Trace Your Roots at the Marilyn Adams Genealogy Research Centre 🌳👨👨👧👦
The call came from Missouri. A man with the last name Wilson told volunteers at the Marilyn Adams Genealogy Research Centre that he and his brother were likely the last of their family. They were looking into their ancestry and wanted to know if there was a chance that they might still have some relations in The County.
The sleuths at the Seventh Town Historical Society got to work.
A name like Wilson is common. It’s also familiar to anyone driving the roads in The County – Wilson Road bisects the municipality, a route connecting Bloomfield to Hillier. Even visitors know it for its wineries, art studios and soon-to-be brewery and garden centre.
It turned out that the gentleman had plenty of extended family in The County – and a long and fascinating family history that centred around a grist mill on Lake on the Mountain.
He hopped into his van with his dog and drove all the way to the centre where a volunteer offered to drive him around The County – not something they do routinely! The man went from feeling alone in the world to feeling anchored in family.
“I think we overwhelmed him,” laughs Society president Diana Godbout. She pulls a thick file from her desk at the Marilyn Adams Genealogy Society building in Ameliasburgh. “This is what we know about his mother’s side – we just haven’t told him yet!”
The Marilyn Adams Genealogical Research Centre is a hidden gem in The County, often better known outside the municipality. It is a treasure-trove of resources for anyone looking to dig into the history of the area, research their family tree, better understand The County, investigate the history of neighbouring jurisdictions or search out the stories behind long-hidden documents, fading photography or other family relics.
“It’s addictive,” says volunteer Janet Comeau, explaining why volunteers help visitors track down answers to ancestry questions. “It’s like going down a rabbit hole.”
It can be an emotional endeavour – in the time I spent at the centre, volunteers tracked down my grandfather’s birth registration, sending me an image of my great-grandfather’s spidery writing, documenting his first son’s name, in a ledger dated October 1909, nearly five months after he was born.
It might be the only time I’ve seen my great-grandfather’s handwriting.
The centre is named after Marilyn Adams, an only child born and raised in Rednersville, who spent most of her teaching career in Oshawa. She was an avid researcher, fascinated in exploring her own family’s history. She retired in 1989 but a year later, a doctor told her she had only a few months to live. She made the profound decision to leave her home and belongings to the Seventh Town Historical Society, which in turn established a centre for genealogy.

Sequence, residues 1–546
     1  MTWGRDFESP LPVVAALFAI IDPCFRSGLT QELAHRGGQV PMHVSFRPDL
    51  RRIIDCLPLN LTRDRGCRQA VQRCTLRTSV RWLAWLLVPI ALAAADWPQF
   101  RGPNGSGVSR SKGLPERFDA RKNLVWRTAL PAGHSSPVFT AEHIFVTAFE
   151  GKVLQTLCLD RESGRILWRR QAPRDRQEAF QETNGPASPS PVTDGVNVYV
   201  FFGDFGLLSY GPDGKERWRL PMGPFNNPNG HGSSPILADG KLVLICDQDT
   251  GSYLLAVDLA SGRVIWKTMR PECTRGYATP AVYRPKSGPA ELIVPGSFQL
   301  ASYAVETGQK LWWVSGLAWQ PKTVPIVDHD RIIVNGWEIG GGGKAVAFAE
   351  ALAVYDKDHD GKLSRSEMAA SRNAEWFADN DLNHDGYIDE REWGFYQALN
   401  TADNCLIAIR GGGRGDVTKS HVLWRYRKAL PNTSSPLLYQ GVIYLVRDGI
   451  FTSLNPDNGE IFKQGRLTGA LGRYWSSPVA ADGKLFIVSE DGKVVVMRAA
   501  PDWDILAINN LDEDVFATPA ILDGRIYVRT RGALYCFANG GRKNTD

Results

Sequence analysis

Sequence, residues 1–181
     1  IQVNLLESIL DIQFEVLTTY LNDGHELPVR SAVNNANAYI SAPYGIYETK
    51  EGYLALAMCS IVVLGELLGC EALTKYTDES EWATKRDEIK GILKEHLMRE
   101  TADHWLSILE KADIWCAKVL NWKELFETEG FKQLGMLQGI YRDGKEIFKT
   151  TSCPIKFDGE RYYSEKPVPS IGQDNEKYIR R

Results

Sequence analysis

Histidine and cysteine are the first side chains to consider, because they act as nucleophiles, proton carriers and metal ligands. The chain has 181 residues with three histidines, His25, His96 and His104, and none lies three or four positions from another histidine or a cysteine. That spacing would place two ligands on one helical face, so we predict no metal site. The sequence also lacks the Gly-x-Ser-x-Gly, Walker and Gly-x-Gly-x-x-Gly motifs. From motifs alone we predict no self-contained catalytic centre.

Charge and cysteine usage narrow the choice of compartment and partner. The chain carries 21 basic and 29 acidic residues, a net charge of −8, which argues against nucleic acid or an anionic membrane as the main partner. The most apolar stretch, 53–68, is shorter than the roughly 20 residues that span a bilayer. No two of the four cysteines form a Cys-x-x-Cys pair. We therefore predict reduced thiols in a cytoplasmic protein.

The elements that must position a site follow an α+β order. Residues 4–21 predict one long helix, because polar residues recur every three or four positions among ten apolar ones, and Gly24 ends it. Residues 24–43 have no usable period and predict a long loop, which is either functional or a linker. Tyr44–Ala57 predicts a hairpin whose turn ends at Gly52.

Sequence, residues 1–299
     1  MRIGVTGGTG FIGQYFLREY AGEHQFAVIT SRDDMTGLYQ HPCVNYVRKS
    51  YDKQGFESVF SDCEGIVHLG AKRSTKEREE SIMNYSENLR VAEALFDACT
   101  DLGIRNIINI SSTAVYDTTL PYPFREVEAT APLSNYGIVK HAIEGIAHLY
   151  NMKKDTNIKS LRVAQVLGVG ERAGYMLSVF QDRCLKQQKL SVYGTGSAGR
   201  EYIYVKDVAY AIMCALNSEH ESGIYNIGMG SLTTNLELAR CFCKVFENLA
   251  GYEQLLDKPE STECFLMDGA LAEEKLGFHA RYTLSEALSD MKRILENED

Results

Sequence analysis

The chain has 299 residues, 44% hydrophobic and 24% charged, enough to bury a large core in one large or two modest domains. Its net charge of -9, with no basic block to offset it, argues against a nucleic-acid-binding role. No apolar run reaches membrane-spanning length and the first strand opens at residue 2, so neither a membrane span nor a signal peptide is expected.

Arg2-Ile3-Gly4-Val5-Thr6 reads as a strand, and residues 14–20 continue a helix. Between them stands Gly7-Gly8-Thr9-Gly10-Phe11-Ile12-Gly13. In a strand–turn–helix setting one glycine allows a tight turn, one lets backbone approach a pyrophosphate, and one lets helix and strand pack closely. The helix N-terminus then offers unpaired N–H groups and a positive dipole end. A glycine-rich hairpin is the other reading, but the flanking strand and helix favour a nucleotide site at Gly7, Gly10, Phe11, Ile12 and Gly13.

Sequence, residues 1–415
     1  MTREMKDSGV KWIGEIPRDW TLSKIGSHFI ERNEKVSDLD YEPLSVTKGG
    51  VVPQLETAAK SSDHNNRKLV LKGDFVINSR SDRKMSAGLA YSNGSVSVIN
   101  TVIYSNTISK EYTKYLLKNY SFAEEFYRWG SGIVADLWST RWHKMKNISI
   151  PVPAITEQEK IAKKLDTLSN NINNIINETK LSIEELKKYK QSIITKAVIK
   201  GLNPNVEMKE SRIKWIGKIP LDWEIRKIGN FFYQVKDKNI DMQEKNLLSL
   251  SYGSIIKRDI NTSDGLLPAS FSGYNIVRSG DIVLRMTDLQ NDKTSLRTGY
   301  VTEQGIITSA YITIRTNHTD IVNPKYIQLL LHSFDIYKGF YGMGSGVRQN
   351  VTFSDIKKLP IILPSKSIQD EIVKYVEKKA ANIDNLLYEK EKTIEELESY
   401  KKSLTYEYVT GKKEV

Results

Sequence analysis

Today volunteers who carry on her legacy have helped hundreds of people trace their ancestry. They’ve also worked tirelessly to preserve countless irreplaceable documents, from tomes on the German Hessian settlers, to early road maps, to land registry cards gifted by the King to Loyalists chased from the United States.
Visitors to the centre can use the facility’s subscription to ancestry.ca, a massive savings for anyone encountering paywalls as they sift back through the branches of their family tree. They can also make use of volunteers who specialize in linking names to faces in photographs, using clues from style of dress to watermarks from the photographer to help puzzle out who is who.
They’ve also used photographs to fill in gaps in family histories – one photo featuring three sons prompted researchers to discover evidence of a dysentery outbreak, one that killed the boys in the picture and many of their relatives.
“And that’s just from looking at a photograph,” Godbout says.
Visitors do not have to have County heritage in order to find value in the building’s resources – in fact, they get requests from all over the world for help untangling ancestral mysteries.
Godbout recounts unraveling the history behind an unusual grave marker at a nearby cemetery as one of her best finds. The bronze bust of a woman in a plunging neckline prompted several phone calls and emails from curious visitors – who was this woman and what had happened to deserve such a striking tribute?
Godbout traced the story back to a man in Belleville, who had carved the sculpture in tribute to a long-time friend. After his wife died, the friends became partners, only for the woman to be lost too soon.
The Marilyn Adams Genealogical Research Centre is open to the public Tuesdays and Wednesdays during the summer months and Tuesdays during the winter months. Visit their website for more information on hours, available support and resources.